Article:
ECHAEno. 3

What's echae?

Finding an empty, high quality domain name can be quite a chore. Ninety-eight percent of the english language is spoken for, meaning that whatever great idea you have its probably already taken. And in this industry, we're afraid, its first come first serve.

Its a bit like naming your newborn baby Sarah and having someone say, "Sorry, we already have one named Sarah".

"Okay, then how about Jane?" you ask.

"Nope, that one's taken as well", they reply. "Still, there are a few good ones left. Aha! Here's an interesting one that you might be interested in. What do you think of Snarglfu?"

But everyone has to have a dotcom, so we see a lot of companies with obscure unpronouncable names like "Banfzed" or "Shooki". Which, the marketing literature informs us, is Swahili for "forward thinking". And you're thinking, "I'm looking for a forward thinking company, I think I'll do business with" Right.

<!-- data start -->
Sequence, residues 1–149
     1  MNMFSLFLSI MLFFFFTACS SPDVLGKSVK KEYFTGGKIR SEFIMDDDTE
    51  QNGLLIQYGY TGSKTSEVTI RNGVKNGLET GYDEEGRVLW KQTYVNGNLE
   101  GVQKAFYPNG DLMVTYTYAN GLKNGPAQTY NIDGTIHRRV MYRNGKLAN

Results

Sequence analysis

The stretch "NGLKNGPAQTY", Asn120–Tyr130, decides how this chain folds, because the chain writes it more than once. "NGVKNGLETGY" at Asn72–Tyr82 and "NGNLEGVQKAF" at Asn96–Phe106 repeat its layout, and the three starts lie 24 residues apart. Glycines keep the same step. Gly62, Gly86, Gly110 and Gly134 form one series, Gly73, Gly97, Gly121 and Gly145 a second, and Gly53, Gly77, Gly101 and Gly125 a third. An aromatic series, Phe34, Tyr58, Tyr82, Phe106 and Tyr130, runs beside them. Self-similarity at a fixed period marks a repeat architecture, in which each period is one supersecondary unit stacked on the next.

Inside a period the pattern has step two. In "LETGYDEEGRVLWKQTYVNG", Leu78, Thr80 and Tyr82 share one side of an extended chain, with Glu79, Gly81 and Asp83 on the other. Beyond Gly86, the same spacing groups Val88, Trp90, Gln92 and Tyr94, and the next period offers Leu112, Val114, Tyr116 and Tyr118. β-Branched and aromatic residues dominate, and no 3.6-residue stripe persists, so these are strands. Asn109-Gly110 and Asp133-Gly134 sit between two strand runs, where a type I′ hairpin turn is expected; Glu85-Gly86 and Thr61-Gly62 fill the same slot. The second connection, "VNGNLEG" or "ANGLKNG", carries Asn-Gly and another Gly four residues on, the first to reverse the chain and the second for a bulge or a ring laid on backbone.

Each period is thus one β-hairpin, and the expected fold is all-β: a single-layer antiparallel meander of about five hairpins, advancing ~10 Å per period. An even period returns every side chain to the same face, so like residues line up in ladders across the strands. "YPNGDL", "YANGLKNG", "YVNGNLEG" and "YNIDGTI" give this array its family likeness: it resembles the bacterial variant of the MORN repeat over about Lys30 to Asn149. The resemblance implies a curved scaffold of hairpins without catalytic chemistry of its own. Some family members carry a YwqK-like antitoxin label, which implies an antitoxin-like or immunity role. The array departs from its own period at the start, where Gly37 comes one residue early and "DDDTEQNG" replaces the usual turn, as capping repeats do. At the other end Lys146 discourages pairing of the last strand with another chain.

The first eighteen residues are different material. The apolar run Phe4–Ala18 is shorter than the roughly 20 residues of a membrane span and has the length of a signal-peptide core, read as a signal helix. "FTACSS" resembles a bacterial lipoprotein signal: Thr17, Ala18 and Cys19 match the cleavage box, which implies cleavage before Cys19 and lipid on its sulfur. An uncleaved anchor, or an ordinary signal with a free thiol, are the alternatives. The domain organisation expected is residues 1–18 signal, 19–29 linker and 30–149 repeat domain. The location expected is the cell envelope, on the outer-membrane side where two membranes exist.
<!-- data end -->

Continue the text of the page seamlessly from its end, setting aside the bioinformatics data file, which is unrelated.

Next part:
In reality it doesn't matter what the word means in some obscure language, only what it conjures up in your language. To us "Shooki" sounds like a 80s Japanese arcade game where you play a smiling yellow blob that destroys the evil mutant slugs by pouring sparkling magic salt on them.

Now we don't have a company and we're not trying to sell anything. We just want a little bit of the internet that we can call our own. Somewhere to put information to share with the world. So we didn't want a word that would conjure up anything in particular, because we weren't sure what kind of information we would display and what the site might become.

So we chose a short, nonsense word that would come up tops in a search engine. We did our share of research and it does have historical roots. From Celtic-Latin writings echae means "noises", which is alright. In Ekegusii, an African dialect, its the word for tea. But when asked to comment on what echae mean to them, the reaction was extremely diverse, but overwhelmingly positive.

So echae it is and it will become to mean whatever it becomes to be.

Bryce Ashdown